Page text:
Confronted by the old “White alliance” of land-owners, the official church and the magistracy, and the two-faced attitudes of the village shopkeeper and schoolteacher, Rufus is fatally undermined by his own naivety, ignorance and misogyny. The latter cuts him off from the intelligence and support of his partner Stella, and from Clementina, the preacher at the village church, who has leadership skills Rufus can only dream of.
First published in 1964, this acerbic tragi-comedy of status, play-acting and double-dealing reveals a Barbadian nation still deeply entrenched in the colonial structures of economic power, class and race. The novel’s challenge to decolonise both structures and mentalities still speaks powerfully to the present. A powerful debut in a distinguished literary career and a novel whose bleak comedy of absurdity connects it to Orlando Patterson’s existentialist tragedy, The Children of Sisyphus, which came out the following year.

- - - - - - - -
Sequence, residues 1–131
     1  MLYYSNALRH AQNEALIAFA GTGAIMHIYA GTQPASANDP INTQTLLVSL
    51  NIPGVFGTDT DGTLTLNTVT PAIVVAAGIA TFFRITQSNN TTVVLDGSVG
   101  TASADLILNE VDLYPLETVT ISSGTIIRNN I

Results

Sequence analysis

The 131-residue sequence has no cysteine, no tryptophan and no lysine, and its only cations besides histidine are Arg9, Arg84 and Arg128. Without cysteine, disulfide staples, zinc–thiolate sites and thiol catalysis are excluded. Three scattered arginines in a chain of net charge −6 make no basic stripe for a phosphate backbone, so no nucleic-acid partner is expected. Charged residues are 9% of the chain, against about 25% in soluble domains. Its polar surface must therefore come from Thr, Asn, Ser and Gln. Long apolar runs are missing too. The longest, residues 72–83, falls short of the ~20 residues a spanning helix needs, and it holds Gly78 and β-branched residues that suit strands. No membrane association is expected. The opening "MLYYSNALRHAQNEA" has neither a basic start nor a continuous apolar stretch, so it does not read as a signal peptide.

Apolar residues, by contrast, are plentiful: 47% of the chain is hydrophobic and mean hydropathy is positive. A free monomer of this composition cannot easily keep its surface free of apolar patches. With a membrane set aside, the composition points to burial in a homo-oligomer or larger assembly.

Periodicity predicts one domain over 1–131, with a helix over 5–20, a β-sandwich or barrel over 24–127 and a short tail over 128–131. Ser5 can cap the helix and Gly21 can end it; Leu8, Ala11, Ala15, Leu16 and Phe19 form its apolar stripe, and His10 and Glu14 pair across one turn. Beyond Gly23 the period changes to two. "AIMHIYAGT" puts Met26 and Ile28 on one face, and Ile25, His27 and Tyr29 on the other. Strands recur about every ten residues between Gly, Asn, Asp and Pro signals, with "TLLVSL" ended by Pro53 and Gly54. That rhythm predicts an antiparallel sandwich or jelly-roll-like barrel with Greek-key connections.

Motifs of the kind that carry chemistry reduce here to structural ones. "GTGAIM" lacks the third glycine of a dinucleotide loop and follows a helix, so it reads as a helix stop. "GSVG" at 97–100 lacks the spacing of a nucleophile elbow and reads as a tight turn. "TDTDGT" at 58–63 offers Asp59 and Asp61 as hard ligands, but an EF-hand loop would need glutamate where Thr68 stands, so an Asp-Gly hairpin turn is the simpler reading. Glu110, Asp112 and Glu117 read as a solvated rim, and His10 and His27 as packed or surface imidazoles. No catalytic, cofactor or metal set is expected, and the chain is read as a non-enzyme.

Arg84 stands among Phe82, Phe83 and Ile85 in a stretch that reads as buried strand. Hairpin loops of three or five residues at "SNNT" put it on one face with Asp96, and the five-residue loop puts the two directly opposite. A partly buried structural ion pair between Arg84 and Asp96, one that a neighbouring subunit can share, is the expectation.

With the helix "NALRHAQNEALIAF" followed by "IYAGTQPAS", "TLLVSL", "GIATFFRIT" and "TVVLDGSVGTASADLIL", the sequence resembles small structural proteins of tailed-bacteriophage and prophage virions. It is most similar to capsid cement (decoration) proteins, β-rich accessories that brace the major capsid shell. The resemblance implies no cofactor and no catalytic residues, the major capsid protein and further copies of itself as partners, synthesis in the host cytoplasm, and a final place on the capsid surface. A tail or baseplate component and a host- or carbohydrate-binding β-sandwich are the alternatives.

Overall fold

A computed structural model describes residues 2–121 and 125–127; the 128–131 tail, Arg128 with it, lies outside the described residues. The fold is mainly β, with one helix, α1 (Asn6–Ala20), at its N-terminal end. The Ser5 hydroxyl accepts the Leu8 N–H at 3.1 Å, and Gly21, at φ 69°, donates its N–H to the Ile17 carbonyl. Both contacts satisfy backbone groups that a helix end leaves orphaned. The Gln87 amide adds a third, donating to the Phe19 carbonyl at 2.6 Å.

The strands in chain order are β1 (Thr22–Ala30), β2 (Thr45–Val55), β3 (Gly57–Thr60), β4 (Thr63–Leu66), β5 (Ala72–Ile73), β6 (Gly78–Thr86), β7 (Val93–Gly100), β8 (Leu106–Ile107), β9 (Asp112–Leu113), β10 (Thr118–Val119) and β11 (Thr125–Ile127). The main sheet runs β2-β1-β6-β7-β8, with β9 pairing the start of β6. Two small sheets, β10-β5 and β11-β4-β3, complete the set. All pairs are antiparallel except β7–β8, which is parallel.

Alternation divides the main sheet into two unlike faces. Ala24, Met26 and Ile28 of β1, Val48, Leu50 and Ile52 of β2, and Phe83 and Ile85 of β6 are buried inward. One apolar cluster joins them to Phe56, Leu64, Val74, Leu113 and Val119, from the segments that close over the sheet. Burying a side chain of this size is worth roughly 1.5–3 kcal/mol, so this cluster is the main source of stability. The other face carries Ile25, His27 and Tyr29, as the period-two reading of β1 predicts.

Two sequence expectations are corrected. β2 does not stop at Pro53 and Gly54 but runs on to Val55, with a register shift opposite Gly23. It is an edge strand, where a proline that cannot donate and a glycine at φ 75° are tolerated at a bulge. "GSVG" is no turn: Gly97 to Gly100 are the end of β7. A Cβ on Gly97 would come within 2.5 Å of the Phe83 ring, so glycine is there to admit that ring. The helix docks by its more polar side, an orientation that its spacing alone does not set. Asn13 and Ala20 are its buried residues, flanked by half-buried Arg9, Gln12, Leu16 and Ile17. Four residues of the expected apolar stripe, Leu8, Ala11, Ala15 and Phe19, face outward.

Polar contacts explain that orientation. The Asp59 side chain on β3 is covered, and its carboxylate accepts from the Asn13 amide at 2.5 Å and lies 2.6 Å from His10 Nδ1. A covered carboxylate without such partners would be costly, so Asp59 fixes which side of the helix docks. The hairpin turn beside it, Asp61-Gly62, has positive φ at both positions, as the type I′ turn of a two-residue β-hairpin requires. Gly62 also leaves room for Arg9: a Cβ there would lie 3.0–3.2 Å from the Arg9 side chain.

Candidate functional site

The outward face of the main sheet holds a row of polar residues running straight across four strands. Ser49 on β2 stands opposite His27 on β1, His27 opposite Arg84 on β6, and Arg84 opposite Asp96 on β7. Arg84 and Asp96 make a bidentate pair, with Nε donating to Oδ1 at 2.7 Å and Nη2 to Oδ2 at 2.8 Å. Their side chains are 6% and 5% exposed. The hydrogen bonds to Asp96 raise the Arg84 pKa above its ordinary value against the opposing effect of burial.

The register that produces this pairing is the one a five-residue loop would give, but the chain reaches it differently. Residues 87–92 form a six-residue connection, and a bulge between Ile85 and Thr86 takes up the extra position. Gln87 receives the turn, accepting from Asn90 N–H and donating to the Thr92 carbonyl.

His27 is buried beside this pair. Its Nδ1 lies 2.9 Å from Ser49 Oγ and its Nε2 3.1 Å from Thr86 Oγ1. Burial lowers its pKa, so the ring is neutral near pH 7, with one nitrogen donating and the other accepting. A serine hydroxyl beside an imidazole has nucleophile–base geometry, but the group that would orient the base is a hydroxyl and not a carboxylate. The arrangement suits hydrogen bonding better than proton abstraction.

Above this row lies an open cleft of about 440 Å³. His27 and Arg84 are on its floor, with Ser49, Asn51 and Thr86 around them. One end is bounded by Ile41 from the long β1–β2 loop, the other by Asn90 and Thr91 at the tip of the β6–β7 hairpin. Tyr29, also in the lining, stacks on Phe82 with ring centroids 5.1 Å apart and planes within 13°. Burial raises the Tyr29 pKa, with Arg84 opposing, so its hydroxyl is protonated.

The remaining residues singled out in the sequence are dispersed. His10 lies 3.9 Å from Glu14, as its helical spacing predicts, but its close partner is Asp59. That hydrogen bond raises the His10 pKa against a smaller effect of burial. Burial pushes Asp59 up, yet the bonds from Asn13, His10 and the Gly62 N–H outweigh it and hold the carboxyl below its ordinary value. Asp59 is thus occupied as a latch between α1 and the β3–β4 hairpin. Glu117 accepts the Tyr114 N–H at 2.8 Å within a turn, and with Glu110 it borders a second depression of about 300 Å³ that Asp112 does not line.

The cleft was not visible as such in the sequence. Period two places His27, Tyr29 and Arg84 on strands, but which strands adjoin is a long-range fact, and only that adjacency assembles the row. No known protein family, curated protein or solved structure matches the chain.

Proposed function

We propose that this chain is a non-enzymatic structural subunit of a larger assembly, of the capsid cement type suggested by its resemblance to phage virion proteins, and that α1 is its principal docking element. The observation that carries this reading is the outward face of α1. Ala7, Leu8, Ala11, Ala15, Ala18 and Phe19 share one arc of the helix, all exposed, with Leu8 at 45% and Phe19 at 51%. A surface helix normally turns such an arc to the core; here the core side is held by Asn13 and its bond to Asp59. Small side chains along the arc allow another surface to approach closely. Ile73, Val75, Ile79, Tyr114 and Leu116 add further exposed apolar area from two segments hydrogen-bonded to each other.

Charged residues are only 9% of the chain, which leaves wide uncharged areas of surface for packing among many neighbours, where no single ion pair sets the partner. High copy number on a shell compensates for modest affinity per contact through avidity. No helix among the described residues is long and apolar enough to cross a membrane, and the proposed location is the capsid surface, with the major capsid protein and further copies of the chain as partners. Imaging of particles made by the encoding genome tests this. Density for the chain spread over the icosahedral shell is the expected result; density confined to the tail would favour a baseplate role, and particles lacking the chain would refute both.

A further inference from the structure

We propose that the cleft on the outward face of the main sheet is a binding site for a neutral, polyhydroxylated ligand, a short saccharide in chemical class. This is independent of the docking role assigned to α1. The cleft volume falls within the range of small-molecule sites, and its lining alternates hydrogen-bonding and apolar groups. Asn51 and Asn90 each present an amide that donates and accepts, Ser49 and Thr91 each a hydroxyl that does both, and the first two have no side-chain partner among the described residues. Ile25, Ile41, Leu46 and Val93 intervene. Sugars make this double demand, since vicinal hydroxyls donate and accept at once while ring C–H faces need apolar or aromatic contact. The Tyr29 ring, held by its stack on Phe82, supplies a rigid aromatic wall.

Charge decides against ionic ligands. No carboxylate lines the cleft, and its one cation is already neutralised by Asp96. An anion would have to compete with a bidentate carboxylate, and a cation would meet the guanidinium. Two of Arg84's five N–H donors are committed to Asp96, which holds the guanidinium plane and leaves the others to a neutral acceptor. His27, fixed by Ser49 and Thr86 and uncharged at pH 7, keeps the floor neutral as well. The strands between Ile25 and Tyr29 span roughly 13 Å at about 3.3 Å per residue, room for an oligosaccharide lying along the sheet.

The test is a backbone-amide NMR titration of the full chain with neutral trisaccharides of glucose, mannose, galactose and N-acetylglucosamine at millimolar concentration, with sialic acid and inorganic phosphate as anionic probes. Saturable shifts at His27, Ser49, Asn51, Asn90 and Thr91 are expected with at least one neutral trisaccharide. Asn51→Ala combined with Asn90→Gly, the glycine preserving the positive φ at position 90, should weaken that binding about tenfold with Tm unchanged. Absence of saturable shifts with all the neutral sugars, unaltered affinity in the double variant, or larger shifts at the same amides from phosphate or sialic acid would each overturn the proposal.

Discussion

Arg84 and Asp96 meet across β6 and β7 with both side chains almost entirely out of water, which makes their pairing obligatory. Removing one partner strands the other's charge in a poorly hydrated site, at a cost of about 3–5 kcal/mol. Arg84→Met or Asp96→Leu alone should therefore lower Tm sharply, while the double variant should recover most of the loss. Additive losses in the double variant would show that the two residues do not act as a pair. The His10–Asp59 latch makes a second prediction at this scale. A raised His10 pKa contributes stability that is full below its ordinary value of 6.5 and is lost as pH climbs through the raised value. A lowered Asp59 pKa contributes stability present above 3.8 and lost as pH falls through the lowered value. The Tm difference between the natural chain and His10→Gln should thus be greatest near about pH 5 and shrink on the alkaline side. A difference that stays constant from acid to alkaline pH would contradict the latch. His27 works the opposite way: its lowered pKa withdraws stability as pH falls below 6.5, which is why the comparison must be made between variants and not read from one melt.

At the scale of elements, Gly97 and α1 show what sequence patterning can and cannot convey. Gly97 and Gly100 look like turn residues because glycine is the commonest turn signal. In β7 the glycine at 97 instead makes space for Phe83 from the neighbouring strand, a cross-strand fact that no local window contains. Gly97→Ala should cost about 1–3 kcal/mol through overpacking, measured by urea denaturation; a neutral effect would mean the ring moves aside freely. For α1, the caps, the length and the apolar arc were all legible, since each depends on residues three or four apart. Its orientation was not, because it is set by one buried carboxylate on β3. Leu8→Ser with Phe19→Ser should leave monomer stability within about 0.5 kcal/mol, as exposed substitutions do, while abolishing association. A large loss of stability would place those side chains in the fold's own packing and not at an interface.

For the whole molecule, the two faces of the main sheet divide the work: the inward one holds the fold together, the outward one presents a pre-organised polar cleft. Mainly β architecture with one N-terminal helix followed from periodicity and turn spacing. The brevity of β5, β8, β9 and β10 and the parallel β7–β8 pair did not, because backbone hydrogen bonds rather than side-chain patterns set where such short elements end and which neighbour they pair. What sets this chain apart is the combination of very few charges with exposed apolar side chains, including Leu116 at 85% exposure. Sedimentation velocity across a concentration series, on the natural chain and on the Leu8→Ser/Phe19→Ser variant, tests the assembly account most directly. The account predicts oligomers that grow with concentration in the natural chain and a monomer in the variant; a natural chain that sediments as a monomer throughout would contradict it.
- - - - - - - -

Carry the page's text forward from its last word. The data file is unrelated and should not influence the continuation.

With an introduction by Aaron Kamugisha
Austin C. Clarke is hailed as a pioneer of Caribbean-Canadian literature and is one of Canada's most prolific, if not well known, writers.